The late Professor Raymond T. Fox, who has been known for his flower arrangements at Cornell Events for over 50 years, has provided education and service to floriculture. Currently, a testament to nearly $ 2 million will enrich future students’ experience in plant science education.
The Raymond and Vera Fox Flower and Ornamental Horticulture Fund Scholarship and Fellowship, as well as student participation, support additional educational programs for undergraduate botanical science students.
Fox began his career as a Cornell in 1947 as a teacher in the Department of Flower and Jewelry Horticulture. He went on to earn a master’s and doctorate degree from Cornell and in 1979 became a full-time professor, serving until his retirement in 1987. 2019. His academic work focused on teaching and delivery. He has taught leading courses in floral design and retail flower management, and is well-known for organizing field events and organizing flower shows.
Vera Hakansen Fox She died in 2009 at the age of 95. After receiving her bachelor’s degree in horticulture, she worked as a florist extension specialist teaching flower arrangements and modeling. Following her marriage, she continued working at the Hotel Management School of Cornell Peter and Stephanie Nolan. In later years, the couple traveled to several of Cornell’s former gardens and sought out flower arrangements at weddings, graduations, and the Plasma Olympics.
“Dr. Fox’s legacy will change the educational experience we can impart to our students,” said the Director of Integrated Plant Science (SIPS). We can also support learning opportunities in greenhouses, farms and gardens.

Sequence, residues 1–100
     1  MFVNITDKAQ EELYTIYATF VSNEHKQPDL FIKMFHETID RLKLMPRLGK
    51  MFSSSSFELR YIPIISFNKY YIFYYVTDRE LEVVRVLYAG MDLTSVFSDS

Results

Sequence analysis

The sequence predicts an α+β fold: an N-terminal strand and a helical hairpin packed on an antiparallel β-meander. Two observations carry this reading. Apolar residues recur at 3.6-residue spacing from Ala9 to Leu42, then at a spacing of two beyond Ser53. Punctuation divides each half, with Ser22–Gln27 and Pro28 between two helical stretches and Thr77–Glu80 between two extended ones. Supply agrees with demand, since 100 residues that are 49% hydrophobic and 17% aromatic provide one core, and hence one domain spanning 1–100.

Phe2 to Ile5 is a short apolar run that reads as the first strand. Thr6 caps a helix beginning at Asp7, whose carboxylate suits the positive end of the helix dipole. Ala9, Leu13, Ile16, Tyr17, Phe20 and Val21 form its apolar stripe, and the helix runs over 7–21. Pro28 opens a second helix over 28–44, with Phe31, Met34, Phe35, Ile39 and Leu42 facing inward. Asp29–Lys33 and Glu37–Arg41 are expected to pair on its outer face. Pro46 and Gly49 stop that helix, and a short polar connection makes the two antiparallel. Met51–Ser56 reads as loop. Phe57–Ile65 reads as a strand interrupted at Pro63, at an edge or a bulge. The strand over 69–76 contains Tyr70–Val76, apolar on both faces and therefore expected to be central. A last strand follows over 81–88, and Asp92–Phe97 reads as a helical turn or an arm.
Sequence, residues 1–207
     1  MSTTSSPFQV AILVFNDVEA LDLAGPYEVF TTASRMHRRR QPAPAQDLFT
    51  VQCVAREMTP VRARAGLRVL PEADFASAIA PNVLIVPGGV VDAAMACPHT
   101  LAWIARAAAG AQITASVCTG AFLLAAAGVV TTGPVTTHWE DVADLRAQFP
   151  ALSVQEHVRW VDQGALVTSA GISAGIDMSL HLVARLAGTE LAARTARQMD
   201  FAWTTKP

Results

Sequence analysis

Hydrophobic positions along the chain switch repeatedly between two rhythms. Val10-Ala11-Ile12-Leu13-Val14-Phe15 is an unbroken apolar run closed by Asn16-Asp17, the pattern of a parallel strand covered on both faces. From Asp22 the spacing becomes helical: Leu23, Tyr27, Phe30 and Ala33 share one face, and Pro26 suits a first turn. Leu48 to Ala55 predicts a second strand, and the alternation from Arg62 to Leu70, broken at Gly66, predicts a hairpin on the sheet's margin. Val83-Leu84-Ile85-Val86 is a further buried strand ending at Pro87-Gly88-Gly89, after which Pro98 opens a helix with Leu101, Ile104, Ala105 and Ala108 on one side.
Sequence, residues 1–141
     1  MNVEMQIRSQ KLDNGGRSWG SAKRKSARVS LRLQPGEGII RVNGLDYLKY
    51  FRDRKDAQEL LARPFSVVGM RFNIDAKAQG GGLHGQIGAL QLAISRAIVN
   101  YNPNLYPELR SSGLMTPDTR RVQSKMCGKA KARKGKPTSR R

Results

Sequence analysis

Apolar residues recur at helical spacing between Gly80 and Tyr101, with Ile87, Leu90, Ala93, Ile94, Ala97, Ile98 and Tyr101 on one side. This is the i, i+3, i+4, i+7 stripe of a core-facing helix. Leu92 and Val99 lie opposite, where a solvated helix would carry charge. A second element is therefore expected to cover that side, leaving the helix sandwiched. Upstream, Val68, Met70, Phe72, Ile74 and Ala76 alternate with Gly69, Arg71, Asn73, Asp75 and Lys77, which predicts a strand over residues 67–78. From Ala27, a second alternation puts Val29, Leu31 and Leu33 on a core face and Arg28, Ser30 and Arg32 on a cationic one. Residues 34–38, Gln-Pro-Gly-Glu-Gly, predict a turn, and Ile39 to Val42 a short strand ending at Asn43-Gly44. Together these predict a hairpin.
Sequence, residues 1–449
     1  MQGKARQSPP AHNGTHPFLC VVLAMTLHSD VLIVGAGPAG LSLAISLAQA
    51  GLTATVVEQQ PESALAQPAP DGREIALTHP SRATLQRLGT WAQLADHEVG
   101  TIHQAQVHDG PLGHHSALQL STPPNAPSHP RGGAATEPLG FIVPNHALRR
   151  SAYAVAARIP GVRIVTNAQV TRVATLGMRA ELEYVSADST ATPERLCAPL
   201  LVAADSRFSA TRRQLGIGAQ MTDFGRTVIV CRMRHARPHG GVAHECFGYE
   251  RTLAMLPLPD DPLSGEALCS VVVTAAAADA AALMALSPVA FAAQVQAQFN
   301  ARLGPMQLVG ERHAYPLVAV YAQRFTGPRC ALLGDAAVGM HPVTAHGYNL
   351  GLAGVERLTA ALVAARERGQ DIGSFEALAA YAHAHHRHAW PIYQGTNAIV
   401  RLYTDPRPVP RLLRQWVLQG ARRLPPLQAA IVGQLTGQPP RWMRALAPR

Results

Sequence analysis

The fund supports award-winning undergraduate and postgraduate horticultural club horticultural scholarship programs for undergraduate students in the flower industry, students interested in floriculture.
“This is an exciting time for gardeners and florists to explore research on ornamental plants,” said Bill Miller, a professor of horticulture and fox at SIPS. “This gift will help us to attract high school students to a rapidly changing field.”
In addition, the $ 40,000 will be designed, designed and maintained for bird sanctuary at Cornell Plant Park. Under the leadership of the leadership team in Sustainable Landscape Education, Cornell students will learn how to design and judge a design competition and how to apply the winning choice.
“It’s exciting that Ray Fox’s long-term commitment and student education will continue for many years,” Smart said. “By reducing financial constraints, this gift will greatly enhance our commitment to provide exciting and unique educational opportunities for all our students in plant science.